The two »Friends« high-rise apartments at the Hirschgarten in Munich are the perfect example of how urban living is changing, not only in the clear identity of the façade style, but also through the architectural implementation of a sharing concept as a future-proof living model.
At first, living was not in the planning criteria of the 2008 design competition's winning concept from Allmann Sattler Wappner Architekten, but a proportional usage option for the two adjacent buildings on the area specified as a mixed and core zone.
As part of the »Am Hirschgarten« urban development project, it initially appeared expedient at this site to expand the adjacent new residential area to include new urban infrastructure with a centre consisting of retail stores and offices.
One year after the competition, the effects of the economic crisis led to a change in the office market situation in Munich.
Investors became more cautious and the need for office space stagnated, and so the construction of the office towers planned in the competition and other buildings on the south site was put to one side.
It was only in 2012, when the huge shortfalls in residential construction in Munich became increasingly apparent and the success of the Hirschgarten city district with its forum infrastructure was clear to see, that people began to look into the possibility of a partial residential construction on this site.
On the basis of market analysis initiated by the developer, LBBW Immobilien Capital GmbH, a sharing concept was developed as a model for future living.
When transforming it into a suitable architectural concept, the architects perfected the cores of the development including the necessary technical elements, in order to create a more flexible, spatial range of living units that are optimally lit.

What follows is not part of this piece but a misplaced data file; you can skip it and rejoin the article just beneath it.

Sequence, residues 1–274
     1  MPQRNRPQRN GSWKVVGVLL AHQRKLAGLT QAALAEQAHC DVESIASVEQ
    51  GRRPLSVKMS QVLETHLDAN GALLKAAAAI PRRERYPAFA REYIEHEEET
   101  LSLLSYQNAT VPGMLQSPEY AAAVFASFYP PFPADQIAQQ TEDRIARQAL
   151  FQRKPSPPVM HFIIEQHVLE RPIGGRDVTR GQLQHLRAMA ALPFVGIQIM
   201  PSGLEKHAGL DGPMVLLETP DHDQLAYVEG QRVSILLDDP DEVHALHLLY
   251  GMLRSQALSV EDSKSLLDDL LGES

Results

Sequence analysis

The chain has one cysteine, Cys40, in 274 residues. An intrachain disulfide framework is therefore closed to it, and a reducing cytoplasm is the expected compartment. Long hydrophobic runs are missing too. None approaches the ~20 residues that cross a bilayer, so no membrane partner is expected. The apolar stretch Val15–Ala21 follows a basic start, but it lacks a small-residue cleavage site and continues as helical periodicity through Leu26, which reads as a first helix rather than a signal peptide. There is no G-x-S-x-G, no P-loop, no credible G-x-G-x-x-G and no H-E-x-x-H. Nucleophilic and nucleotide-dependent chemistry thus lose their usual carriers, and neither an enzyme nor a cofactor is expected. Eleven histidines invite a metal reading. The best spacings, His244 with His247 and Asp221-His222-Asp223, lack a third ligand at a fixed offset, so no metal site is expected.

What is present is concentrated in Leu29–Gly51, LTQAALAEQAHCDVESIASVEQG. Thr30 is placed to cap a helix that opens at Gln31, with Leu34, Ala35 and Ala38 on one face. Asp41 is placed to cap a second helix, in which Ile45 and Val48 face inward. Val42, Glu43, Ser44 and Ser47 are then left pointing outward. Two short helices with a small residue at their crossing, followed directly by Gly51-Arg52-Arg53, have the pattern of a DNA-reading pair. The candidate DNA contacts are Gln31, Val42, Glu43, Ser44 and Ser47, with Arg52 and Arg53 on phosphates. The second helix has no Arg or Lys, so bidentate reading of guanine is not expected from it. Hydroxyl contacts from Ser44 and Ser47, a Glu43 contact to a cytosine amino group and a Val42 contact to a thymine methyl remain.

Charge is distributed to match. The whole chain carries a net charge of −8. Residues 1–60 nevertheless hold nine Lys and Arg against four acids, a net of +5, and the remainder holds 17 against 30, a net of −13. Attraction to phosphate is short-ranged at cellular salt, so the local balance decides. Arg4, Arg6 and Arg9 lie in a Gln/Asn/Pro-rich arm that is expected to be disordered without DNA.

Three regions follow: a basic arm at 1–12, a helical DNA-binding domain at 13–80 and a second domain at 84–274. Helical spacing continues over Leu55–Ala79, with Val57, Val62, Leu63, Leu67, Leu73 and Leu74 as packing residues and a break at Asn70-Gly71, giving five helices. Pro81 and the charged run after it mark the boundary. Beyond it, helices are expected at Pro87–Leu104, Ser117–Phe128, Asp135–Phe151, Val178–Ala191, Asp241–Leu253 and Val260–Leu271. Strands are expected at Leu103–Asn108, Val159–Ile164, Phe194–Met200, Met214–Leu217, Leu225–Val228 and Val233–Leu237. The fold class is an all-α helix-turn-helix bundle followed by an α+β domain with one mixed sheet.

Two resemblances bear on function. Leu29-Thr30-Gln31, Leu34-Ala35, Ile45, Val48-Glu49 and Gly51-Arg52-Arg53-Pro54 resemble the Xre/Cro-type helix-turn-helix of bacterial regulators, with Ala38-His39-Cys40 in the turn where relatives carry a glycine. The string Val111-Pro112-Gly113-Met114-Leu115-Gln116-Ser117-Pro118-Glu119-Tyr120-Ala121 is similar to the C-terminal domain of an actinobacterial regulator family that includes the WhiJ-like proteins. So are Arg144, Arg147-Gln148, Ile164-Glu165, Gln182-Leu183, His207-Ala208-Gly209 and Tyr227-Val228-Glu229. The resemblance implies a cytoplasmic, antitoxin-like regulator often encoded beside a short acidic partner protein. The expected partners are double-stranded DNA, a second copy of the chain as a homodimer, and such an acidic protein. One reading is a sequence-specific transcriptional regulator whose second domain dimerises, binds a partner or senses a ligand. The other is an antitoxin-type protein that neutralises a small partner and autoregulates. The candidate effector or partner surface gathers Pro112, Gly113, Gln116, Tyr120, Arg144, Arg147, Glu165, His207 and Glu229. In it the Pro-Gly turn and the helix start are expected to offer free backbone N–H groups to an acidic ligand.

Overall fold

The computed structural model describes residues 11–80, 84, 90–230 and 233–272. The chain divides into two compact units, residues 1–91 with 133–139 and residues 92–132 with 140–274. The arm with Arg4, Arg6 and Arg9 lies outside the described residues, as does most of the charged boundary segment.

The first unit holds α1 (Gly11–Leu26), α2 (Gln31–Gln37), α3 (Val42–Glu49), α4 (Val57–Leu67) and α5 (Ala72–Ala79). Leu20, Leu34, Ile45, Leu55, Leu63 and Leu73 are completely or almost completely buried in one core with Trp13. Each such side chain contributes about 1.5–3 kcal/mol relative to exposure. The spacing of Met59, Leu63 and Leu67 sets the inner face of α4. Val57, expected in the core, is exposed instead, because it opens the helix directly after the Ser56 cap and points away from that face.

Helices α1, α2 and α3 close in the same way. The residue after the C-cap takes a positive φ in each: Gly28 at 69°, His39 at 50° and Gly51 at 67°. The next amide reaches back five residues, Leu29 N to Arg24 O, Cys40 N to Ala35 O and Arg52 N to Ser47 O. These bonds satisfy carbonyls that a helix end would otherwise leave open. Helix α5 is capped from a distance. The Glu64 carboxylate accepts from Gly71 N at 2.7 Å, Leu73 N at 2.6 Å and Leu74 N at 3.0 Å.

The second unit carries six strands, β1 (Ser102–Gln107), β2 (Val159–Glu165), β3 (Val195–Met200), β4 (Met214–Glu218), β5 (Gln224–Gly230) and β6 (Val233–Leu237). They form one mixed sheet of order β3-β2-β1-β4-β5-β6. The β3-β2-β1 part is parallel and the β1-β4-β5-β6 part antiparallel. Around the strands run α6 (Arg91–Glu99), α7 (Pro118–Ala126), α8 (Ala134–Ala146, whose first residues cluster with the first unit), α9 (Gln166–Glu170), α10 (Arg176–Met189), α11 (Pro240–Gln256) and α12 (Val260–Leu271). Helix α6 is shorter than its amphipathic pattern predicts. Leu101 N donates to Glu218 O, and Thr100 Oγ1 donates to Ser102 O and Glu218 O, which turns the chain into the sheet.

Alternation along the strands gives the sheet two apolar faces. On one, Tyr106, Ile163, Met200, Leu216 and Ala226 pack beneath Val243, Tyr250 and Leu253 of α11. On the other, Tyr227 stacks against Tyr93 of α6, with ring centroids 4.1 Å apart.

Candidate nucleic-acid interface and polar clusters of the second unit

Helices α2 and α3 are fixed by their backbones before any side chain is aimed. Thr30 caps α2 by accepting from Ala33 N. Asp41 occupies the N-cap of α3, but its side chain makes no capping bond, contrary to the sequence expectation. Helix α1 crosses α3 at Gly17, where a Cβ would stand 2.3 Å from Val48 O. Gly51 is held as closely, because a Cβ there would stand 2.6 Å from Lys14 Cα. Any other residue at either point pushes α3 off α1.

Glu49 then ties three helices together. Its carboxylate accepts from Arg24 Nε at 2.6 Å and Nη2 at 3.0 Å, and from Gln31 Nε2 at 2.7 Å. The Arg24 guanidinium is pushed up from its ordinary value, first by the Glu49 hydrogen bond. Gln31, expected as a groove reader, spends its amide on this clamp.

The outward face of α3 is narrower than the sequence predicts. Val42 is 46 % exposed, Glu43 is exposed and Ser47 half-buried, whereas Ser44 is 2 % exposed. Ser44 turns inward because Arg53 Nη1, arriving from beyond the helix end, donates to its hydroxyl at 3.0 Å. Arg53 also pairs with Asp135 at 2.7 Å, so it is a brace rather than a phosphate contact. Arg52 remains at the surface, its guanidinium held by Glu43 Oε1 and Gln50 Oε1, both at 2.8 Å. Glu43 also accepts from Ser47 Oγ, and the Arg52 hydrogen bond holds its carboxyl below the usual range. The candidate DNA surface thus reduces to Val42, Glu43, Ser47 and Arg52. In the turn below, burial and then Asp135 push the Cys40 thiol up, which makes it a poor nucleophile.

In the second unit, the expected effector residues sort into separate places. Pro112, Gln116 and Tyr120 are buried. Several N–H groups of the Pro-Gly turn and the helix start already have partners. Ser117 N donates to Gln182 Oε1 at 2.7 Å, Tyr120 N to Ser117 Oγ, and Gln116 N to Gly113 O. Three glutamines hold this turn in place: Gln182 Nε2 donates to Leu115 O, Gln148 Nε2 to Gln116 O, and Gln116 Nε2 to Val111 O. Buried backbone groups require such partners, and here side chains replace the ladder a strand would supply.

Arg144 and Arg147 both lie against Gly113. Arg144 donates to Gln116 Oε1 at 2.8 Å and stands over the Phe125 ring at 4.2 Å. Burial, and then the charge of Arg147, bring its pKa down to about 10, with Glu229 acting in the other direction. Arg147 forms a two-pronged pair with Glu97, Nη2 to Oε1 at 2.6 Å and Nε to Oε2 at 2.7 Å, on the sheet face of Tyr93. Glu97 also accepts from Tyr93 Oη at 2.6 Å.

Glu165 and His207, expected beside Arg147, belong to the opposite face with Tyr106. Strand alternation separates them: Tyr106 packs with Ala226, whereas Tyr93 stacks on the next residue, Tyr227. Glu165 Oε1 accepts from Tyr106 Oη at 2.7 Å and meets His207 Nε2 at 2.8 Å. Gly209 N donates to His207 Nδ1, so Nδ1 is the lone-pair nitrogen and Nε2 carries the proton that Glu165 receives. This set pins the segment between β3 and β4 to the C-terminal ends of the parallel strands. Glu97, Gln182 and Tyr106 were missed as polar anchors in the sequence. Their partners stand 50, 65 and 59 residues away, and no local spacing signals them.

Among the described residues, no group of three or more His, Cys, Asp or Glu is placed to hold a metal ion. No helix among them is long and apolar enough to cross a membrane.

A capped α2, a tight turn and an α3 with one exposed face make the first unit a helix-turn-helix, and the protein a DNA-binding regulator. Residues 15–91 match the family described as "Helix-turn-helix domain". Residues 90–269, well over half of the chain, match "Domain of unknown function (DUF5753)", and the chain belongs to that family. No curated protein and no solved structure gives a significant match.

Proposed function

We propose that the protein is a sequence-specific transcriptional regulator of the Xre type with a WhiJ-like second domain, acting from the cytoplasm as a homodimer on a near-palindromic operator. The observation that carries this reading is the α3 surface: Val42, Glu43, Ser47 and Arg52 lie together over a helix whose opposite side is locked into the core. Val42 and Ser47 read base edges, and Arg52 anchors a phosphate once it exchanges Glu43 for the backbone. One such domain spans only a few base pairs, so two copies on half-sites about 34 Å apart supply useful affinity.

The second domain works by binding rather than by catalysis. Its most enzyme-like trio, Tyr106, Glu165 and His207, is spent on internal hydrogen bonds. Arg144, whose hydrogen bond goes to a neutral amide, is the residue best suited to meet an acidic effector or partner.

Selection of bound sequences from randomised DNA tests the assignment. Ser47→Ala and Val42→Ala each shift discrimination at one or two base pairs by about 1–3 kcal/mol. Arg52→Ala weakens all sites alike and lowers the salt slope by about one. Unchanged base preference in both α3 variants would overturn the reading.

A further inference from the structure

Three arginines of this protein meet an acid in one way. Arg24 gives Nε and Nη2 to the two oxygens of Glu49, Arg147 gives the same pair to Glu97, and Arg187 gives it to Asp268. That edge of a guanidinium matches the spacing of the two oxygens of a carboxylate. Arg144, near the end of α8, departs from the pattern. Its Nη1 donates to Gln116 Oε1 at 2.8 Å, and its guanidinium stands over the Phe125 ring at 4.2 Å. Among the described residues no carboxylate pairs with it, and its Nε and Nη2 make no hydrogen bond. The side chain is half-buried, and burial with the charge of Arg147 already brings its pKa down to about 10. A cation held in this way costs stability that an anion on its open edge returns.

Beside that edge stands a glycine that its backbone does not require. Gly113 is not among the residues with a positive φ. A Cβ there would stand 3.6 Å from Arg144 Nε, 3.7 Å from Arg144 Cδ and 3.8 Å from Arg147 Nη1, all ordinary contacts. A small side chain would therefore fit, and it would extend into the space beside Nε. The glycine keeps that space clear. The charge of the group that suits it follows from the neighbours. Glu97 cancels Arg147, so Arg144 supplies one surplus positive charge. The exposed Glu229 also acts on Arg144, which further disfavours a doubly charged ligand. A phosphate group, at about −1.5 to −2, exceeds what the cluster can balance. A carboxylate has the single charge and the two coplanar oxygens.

All residential units are organised efficiently around the central service core, the so-called »cube«, which provides the kitchen, bathroom and other uses. There are common rooms in both towers.
This efficient overlap of private and communal space is based on the urban fundamental ideal of future-oriented city living typologies.
Each living space is visually maximised into the surrounding city by means of floor-to-ceiling façade units and folded oriels, enabling far-reaching panoramic views of the city and surrounding landscape.
Project: »Friends« high-rise apartments at Hirschgarten
Location: Birketweg, 80639 München/DE
Client + Project development: LBBW Immobilien Capital GmbH, Stuttgart The Fuentes Hernández family
Architects: Allmann Sattler Wappner Architekten, München/DE
Implementation planning + Façade design: a+p Architekten, München/DE
Façade construction: Feldhaus Fenster + Fassaden GmbH & Co. KG, Emsdetten, Heidersberger Fassadenbau, Greven (working partnership)
Structural design: bwp Burggraf + Reiminger Beratende Ingenieure mbH, Leinfelden-Echterdingen
Sound reduction: PMI GmbH, Unterhaching
Schüco systems: AWS 75.S
»What consti - tutes living?«
Interview with Professor Ludwig Wappner, Allmann Sattler Wappner Architekten, about the conceptual development of the façades in the transformation process of the Hirschgarten »Friends« apartment buildings, which were originally designed for office use.
PROFILE: What role does the façade material play in the residential towers?